They must learn to work together as a team and a family. All the while a group of time assassins try to stop them. It is tonally all over the place and its large cast makes it difficult to really love any of them, but there is enough interesting stuff going on to make it well worth a watch.
The Thin Man by Dashiell Hammett
A couple of weeks back my mother had a doctor’s appointment in which she was supposed to have someone drive her home. My father was out of town and so I was called upon to be her chauffeur. Her procedure was going to take awhile and so I packed this not-so hard-boiled classic with me. I already had a stack of books I’ve been reading, but I wanted something light and relatively easy and as I’d already read The Thin Man before, it fit the bill.
It is just as delightful as I remembered. It follows Nick Charles, a former New York detective who is married, rich, and now a man of leisure, and drinking. While visiting the city, a former client disappears and his family tries to enlist Nick into hunting him down. Nick refuses as he’d rather keep up his drinking. When bodies start piling up, the police, the local criminal element, and the newspapers all think he’s part of the investigation though he has no intention of doing anything but relax, visit speakeasies, and drink. Naturally, he eventually does help solve the crime, all the while cracking wise with the cops, the crooks, and his wife. The dialogue is clever and witty, the plot moves along at a crackling pace, and the mystery is intriguing. Every time I reread Hammett, I am bowled over at how good he was.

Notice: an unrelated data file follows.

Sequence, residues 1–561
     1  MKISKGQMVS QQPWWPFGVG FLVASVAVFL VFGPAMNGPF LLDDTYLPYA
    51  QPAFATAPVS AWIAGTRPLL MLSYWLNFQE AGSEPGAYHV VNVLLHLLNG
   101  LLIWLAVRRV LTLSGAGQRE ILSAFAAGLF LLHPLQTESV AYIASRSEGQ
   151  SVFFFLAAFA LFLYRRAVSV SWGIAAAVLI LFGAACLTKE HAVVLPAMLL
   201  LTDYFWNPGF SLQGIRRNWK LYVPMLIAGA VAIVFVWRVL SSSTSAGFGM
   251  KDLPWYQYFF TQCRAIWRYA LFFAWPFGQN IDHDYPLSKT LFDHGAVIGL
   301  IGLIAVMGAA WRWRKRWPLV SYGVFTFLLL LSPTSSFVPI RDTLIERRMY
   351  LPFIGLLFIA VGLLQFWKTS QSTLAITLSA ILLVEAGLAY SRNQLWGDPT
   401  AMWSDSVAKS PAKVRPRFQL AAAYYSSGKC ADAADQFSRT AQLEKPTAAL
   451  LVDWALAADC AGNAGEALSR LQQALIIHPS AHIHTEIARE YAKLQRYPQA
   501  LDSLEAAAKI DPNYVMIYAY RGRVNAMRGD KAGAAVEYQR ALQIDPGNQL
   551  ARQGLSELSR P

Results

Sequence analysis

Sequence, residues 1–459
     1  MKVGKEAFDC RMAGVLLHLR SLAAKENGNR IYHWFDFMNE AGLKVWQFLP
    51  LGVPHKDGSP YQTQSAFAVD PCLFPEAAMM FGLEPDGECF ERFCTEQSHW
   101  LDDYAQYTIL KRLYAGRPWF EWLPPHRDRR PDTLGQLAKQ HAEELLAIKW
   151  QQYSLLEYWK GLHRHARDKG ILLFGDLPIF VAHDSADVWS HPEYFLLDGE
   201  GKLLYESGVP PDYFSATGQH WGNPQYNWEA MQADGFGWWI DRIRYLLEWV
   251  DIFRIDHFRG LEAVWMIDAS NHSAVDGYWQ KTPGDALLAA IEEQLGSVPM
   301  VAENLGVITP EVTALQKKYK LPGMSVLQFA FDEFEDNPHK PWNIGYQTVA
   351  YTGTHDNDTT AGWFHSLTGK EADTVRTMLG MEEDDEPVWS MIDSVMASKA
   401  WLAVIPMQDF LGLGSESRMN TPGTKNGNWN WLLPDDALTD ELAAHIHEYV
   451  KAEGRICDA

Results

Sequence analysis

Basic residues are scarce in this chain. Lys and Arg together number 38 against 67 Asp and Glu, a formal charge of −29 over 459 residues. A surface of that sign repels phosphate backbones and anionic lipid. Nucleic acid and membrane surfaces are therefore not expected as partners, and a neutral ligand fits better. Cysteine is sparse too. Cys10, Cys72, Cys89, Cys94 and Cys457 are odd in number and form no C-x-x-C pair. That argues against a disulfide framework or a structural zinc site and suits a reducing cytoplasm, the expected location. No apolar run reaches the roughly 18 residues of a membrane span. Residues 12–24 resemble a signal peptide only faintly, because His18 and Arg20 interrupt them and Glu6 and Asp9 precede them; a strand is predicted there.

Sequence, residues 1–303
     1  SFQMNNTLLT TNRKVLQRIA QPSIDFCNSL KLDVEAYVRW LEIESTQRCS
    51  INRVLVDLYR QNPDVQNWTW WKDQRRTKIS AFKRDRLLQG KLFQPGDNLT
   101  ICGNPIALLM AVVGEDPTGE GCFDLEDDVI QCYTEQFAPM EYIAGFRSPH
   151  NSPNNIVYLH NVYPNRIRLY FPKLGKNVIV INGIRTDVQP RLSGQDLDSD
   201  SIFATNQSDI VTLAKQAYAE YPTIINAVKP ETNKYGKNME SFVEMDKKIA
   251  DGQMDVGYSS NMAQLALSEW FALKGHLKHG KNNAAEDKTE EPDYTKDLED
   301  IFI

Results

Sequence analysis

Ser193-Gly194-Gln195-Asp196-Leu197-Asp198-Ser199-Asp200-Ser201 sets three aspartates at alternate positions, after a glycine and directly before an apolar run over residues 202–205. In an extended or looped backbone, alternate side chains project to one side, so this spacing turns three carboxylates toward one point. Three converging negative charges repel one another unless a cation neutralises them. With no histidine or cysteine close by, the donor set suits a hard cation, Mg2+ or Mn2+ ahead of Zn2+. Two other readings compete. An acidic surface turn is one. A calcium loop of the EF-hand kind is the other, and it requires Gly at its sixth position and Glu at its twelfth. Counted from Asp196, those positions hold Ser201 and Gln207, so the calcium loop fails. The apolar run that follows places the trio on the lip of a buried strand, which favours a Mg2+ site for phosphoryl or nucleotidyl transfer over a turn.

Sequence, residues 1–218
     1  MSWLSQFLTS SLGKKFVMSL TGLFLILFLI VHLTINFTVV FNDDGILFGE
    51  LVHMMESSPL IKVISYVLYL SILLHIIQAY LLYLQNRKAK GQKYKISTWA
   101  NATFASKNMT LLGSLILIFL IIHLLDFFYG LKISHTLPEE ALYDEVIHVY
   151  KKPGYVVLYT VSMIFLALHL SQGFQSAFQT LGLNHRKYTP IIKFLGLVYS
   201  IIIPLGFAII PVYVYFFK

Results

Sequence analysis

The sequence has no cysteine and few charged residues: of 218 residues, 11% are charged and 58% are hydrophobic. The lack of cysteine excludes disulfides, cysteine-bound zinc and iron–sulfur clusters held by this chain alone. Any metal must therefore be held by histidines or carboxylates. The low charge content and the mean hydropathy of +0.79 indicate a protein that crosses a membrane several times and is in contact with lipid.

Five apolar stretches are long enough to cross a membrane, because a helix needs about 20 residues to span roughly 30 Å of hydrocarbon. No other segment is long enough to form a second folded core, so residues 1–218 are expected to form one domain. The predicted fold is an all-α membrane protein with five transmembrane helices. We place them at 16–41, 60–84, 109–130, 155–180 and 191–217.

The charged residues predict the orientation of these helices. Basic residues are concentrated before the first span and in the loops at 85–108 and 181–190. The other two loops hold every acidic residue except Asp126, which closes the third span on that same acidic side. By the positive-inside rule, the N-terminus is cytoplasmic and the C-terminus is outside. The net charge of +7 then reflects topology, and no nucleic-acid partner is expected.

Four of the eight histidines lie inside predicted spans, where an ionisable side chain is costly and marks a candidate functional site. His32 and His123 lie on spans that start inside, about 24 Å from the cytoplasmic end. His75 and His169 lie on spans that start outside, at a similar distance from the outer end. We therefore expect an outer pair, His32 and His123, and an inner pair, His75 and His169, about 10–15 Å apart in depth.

Tito and the Birds
Brazilian film about a disease turning people into rocks and the little boy who saves them. The story is slight though its political allegory about how fear paralyzes a culture is pretty timely. The real reason to see it is its beautiful animation that blends oil painting and digital effects to an imaginative degree. You can read my full review here.
George Clooney stars in, executive produced and directs some episodes of this new Hulu series which adapts the classic Joseph Heller book about the insanities of war. It also stars Kyle Chandler, Hugh Laurie, and Christopher Abbott. I’ve not read the book and Clooney doesn’t have the best track record in film as a director, but the trailer looks like a lot of fun.
Late-period Spaghetti Western stars Franco Nero as a man returning from the Civil War to find his hometown overrun with the plague and a band of vigilantes. He takes it upon himself to set things right. The plot is a mess but it's got some real visual style. You can read my full review here.
I neglected to talk about the devastating destruction of the Notre Dame cathedral in Paris last week so I wanted to mention it now. I was fortunate enough to have visited it several times prior to that terrible fire. It is an incredible place. Filled with history, art, and awe. Say what you will about the Catholic Church, and it certainly has its fair share of problems, but my god, they sure know how to create something to inspire millions of people. I was quite sunk with grief watching it burn, but awoke anew to see that much of the structure was saved and that so many have pledged millions of dollars to see it repaired. I hope to see it again some day.